That is why they are recognizing the Anglican Church in North America at this time.
11. TLDillon wrote:
Well that is great Betty See, but it doesn’t seem to have any effect on TEc and Canterbury. One would think that with those statements from the GS a few years back and the way TEc is behaving now and has been, they would be out of the AC but that is not the case. So my question again, as I have asked it before, why would ACNA look for Canterbury recognition when Canterbury is clearly a part of the problem and seem to have their own apostte road they are traveling on?
June 26, 12:49 am | [comment link]
12. Brian from T19 wrote:
why would ACNA look for Canterbury recognition when Canterbury is clearly a part of the problem and seem to have their own apostte road they are traveling on?
Because they want to be full members of the Anglican Communion. This is where CANA and other groups misrepresented the facts to the people wanting to leave TEC. It was important to many that they be a part of the Anglican Communion. They are not and this has upset some of those who left assuming that what they were told was true. For the time being, TEC is the only member of the Anglican Communion in the US. Look for example at +Lawrence’s letter. He says “Put simply, we remain inside the structures of the Communion to help shape the emerging Anglicanism of the 21st Century so long as we are able”
June 26, 2:35 am | [comment link]
13. Pageantmaster [KJS to Coventry] wrote:
#12 Brian from T19
I am not sure I agree with a number of points in your post.
For the time being, TEC is the only member of the Anglican Communion in the US.
22 out of 38 Provinces of the Anglican Communion do not recognise TEC as in Communion for the time being.
This is where CANA and other groups misrepresented the facts to the people wanting to leave TEC. It was important to many that they be a part of the Anglican Communion. They are not and this has upset some of those who left assuming that what they were told was true.
ACNA churches remain members of the Anglican Communion in fact by virtue of their dual membership of the big provinces of the Communion: Nigeria, Uganda, Rwanda, Southern Cone, Kenya etc.
Further some estimates reckon that up to 80% of the Anglican Communion now recognises ACNA as an Anglican presence in North America in its own right. In addition to the Gafcon Provinces you have seen in the last week other Provinces who were going along with some of the Communion Instruments declare their support: SE Asia, West Africa, Jerusalem and the Middle East, Myanmar.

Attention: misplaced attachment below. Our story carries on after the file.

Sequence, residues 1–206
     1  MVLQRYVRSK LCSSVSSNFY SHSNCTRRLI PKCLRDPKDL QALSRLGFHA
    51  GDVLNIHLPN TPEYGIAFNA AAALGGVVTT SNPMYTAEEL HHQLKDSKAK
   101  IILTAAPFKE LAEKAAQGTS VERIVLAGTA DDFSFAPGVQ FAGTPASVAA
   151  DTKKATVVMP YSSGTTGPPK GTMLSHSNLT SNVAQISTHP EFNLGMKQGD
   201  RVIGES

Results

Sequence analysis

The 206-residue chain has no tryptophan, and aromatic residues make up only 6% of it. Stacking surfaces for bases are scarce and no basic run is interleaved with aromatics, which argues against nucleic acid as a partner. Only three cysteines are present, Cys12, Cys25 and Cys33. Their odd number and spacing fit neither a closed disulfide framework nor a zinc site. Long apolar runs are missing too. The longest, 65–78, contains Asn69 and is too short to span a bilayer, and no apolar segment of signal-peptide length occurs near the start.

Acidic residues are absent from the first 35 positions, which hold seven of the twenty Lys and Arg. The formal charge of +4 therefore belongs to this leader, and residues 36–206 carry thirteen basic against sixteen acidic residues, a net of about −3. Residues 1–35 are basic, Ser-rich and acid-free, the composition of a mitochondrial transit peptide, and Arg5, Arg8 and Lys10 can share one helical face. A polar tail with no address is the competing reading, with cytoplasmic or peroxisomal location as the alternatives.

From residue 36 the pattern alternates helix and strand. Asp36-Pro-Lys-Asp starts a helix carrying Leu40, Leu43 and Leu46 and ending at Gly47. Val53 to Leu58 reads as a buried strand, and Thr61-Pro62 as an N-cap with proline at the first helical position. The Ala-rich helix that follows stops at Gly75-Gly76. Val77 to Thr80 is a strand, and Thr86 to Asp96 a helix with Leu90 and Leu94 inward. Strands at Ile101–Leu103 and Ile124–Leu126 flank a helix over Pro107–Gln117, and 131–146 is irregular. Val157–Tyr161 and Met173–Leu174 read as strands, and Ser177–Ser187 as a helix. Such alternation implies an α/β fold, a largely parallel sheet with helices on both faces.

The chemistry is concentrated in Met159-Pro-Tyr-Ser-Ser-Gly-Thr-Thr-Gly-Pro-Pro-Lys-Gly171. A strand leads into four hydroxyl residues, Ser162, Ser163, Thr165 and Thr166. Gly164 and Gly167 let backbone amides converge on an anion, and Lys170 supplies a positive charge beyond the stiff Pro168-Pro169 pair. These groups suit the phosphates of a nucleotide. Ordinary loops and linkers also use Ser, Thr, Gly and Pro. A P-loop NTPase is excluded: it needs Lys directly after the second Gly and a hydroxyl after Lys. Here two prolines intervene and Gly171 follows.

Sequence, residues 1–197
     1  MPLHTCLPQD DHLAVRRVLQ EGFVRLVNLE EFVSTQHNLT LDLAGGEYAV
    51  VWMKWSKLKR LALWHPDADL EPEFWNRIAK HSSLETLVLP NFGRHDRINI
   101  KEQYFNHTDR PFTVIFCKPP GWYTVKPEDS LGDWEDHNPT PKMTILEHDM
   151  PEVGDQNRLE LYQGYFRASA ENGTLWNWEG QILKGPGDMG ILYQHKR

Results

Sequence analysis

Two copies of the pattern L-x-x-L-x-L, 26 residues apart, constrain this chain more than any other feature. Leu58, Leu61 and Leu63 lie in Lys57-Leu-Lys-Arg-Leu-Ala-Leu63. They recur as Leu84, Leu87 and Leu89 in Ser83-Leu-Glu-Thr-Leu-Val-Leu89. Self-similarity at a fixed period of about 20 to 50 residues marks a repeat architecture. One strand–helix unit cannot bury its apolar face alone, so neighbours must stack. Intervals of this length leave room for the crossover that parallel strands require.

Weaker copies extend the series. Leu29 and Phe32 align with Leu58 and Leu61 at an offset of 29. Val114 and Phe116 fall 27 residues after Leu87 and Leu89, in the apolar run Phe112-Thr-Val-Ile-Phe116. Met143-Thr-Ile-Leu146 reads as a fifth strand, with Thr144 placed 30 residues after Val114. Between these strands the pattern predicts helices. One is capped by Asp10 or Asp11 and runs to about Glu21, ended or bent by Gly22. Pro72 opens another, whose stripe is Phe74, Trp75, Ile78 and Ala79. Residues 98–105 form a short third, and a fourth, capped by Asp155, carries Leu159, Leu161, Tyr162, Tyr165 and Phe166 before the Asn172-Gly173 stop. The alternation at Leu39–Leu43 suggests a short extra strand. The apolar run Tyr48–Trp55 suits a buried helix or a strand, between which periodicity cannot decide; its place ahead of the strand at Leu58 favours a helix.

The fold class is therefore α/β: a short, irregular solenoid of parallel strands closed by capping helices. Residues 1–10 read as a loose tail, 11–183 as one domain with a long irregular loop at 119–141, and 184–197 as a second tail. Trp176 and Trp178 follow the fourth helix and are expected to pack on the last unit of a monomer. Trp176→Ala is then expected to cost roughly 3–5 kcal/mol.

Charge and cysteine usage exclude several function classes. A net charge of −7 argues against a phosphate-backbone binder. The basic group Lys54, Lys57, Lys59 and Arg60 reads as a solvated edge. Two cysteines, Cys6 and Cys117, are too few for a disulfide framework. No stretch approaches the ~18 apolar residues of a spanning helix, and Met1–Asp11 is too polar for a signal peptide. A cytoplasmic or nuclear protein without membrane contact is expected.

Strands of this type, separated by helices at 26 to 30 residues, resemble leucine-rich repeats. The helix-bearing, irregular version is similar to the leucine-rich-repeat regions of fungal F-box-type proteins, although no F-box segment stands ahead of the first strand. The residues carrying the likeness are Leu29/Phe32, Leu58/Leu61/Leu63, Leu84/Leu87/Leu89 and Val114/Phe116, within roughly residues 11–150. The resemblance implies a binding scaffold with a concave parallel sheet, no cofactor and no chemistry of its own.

So frankly TEC is pretty isolated now in the Communion. Even ACoC have begun to see that they are on a hiding to nothing in backing TEC’s approach.
I wouldn’t bank on Rowan Williams either. He has put his office on the line in trying to give TEC every opportunity, but he is damaged goods now. It remains to be seen if he will continue to risk losing all authority for his office by setting his face against the tide like King Canute.
Rather than sticking its tongue out at everybody, Brian, TEC might like to consider whether their obstructive persecuting and damaging way which has injured only themselves is really the best way to get back in Communion with the rest of us, and I wouldn’t bank on the Church of England going off with TEC and burning their bridges with the rest of the Communion who we love to go out into the cold with TEC and your attrocious Presiding Bishop.
But it is your call - guess we will see next month.
June 26, 7:01 am | [comment link]
14. Cennydd wrote:
The proof will be in the pudding following your General convention, Brian. Your Church will be known by its words and deeds, and if they fall short of what the Communion expects, I wouldn’t count on more provinces not declaring themselves out of communion with you.
June 26, 11:33 am | [comment link]
15. frdarin wrote:
Speaking personally, and only personally, full membership in the AC was never a primary reason for my leaving TEC. I appreciate the Anglican heritage I have received. I believe it is a way of integrity to approach and live the Gospel. But I do not love Anglicanism in a greater sense than I love the Lord Jesus Christ. Should the AC come in its official structures to actualize a mission other than the main thing of making Jesus Christ known with compassion, it would be the duty of every Anglican (official or otherwise) to flee - not walk but run away, flee Egypt as it were.
God did not hand the Instruments of Unity down to us - He handed the Gospel to us. That is what we must preserve at all costs, and to His glory.
Fr Darin Lovelace+
June 26, 11:48 am | [comment link]
St Davids Anglican Church
16. youngadult wrote:
#14 - and just what might it be that you perceive the rest of the communion expecting this time around? i was a deputy in 2006 and will be again in 2009, and neither then nor now are the other deputies and i going to submit to the full capitulation that the conservative province demand.
June 27, 2:54 am | [comment link]
17. Katherine wrote:
#16, youngadult, I hope that you will do what you believe is right at GC. If enough deputies agree with you, then we shall have full clarity rather than the uncomfortable ambiguity of recent years. ECUSA can go its own way. If it won’t, as you say, submit itself to the judgment of the Communion, then it should no longer wish to be part of it.
June 27, 6:36 am | [comment link]
18. youngadult wrote:
#17 - hey katherine,
June 27, 2:29 pm | [comment link]
i do plan to do what i think is right. and just to clarify, i didn’t say that i/tec won’t “submit ... to the judgment of the communion,” but rather that we won’t “submit to the full capitulation that the conservative provinces demand.” i am pretty sure that the communion as a whole hasn’t convened to demand total capitulation, though some conservatives have.